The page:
“Being overweight is a health concern, but Body Mass Index doesn't tell the whole story because it is part of a larger picture, says a new advisory by the American Heart Association published this month. Lead author Dr Cora E. Lewis, professor of medicine and public health at the University of Alabama at Birmingham, said that: ‘This larger picture includes important relationships between BMI and other health outcomes, such as cardiovascular disease and its risk factors.’ ‘Arguably, the most important relationship among the cardiovascular disease risk factors is diabetes, which is significantly more common in overweight than in normal-weight people,’ she added. Lewis and colleagues concluded that:
· Being overweight increases the risk of cardiovascular disease, type 2 diabetes and other health conditions.
· Being overweight usually precedes being obese, so everyone who is overweight, adults and children alike, should reduce weight by changing to a healthy diet and doing more exercise.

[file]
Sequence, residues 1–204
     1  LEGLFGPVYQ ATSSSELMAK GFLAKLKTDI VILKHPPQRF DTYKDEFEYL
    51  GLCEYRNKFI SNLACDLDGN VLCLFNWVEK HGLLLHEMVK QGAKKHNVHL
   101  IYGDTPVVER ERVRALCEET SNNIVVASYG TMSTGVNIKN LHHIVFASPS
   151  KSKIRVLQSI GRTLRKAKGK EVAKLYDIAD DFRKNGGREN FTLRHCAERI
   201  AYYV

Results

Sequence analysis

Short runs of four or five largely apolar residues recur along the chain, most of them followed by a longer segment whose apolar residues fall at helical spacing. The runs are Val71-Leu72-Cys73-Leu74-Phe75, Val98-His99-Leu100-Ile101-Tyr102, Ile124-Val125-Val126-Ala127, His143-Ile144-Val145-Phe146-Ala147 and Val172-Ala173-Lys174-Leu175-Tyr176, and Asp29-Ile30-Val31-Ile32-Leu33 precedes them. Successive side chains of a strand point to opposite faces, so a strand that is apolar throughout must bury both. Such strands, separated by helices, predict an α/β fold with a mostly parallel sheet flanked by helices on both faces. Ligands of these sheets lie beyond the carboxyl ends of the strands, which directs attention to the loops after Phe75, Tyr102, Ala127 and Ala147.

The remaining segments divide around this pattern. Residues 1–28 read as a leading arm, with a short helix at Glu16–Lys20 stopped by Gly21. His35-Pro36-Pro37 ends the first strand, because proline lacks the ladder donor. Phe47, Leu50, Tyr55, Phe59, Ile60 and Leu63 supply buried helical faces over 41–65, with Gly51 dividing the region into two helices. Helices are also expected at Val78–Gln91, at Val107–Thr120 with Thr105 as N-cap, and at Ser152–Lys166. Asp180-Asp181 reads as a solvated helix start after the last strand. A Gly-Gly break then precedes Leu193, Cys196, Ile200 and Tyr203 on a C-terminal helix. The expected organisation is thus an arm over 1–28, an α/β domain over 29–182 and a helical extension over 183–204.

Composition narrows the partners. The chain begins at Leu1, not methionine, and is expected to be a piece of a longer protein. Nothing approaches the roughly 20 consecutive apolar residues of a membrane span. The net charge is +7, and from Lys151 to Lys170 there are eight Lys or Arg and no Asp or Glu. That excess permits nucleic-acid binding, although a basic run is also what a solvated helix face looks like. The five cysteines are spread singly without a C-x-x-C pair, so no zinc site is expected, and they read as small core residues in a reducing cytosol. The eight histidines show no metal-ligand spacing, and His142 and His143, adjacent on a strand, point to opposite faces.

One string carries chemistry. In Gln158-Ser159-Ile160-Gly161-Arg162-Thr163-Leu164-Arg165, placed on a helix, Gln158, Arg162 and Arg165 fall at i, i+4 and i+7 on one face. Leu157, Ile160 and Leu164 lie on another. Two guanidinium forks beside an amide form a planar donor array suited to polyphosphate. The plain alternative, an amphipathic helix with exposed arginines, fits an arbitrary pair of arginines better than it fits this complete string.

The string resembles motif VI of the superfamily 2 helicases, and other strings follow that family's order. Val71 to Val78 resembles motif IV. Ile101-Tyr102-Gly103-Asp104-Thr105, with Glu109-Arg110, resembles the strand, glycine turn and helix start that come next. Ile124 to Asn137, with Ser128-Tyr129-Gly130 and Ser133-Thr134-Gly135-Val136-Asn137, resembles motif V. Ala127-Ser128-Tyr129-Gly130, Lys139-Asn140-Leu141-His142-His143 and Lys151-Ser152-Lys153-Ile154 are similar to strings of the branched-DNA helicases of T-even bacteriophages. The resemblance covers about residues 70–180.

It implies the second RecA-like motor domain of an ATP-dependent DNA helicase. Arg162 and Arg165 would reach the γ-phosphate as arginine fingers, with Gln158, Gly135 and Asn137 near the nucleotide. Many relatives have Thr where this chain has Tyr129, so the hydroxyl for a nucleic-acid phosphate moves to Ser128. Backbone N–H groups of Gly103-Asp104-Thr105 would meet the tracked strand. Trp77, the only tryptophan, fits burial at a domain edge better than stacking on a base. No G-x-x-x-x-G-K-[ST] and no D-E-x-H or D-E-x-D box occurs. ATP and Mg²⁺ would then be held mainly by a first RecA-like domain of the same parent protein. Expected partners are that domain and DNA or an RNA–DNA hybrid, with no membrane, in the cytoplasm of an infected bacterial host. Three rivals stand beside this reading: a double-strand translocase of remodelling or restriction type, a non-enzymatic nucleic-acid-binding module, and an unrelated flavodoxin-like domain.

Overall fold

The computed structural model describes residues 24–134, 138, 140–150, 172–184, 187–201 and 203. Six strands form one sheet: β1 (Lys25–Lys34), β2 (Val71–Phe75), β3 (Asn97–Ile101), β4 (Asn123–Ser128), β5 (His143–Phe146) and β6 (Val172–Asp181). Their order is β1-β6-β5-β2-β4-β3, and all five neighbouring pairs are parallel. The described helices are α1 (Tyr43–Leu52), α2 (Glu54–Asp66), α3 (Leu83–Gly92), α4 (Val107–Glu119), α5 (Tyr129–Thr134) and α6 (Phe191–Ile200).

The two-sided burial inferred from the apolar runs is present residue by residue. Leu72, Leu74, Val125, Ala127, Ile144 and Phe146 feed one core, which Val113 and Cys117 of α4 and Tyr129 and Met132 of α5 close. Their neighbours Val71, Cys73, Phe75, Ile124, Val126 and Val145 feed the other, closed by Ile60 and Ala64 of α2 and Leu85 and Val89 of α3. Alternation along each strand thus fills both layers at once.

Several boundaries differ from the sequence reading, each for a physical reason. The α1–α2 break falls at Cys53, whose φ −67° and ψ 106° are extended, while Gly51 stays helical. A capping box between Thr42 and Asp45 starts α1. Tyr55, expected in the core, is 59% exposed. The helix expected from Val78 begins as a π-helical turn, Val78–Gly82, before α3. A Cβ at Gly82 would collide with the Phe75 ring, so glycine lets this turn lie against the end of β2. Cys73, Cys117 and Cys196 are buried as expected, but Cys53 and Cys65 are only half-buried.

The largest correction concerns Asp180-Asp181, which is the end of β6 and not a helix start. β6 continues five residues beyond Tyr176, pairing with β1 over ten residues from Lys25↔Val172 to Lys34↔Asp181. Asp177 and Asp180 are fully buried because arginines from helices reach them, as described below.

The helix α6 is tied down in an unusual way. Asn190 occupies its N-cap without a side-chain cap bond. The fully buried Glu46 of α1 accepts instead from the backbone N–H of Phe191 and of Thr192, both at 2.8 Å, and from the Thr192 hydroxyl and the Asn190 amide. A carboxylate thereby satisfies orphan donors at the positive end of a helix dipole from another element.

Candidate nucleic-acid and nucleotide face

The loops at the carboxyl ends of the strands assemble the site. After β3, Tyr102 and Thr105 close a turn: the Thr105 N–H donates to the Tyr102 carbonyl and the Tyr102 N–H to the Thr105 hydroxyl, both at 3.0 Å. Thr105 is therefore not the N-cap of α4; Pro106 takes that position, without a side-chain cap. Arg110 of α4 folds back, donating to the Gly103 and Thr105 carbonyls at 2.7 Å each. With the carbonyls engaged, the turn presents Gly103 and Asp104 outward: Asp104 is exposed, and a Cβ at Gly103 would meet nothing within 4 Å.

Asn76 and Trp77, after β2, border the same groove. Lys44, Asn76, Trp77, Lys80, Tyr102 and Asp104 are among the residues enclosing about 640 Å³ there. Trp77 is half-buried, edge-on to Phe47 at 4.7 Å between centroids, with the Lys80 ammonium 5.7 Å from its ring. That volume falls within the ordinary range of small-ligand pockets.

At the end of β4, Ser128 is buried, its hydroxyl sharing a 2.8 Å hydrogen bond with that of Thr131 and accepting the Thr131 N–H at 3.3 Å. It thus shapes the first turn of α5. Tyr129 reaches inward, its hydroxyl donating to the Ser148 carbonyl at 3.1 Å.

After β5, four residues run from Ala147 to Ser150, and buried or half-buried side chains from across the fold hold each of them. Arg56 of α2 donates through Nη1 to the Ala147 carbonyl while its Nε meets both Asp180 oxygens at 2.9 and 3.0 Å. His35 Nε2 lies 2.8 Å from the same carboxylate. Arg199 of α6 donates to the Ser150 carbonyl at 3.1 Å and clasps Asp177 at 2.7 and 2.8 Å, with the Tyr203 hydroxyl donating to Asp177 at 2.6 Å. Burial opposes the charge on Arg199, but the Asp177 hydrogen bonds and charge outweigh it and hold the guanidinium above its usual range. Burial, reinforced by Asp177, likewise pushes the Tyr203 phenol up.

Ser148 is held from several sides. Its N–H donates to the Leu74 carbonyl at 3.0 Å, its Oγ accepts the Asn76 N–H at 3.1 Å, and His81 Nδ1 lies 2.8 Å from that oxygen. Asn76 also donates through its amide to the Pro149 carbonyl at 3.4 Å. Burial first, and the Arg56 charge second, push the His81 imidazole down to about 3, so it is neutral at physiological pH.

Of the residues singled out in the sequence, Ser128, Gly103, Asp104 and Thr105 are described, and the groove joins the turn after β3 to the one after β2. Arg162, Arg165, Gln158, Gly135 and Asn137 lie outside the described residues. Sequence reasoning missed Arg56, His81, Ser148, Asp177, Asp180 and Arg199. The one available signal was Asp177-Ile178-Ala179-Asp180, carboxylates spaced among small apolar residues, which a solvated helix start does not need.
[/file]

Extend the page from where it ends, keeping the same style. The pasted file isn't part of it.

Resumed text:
· More research is needed on the links between overweight and health and this should go beyond looking only at BMI and risk of death.
But the authors also warned that: ‘Meanwhile, we cannot afford to wait for this research to begin addressing the problem of overweight in our patients and in our society.’ ‘Both healthy eating patterns and physical activity have roles in managing weight and CVD risk and should be encouraged in all,’ they wrote, explaining that gaining weight is progressive while losing weight is very hard to manage.”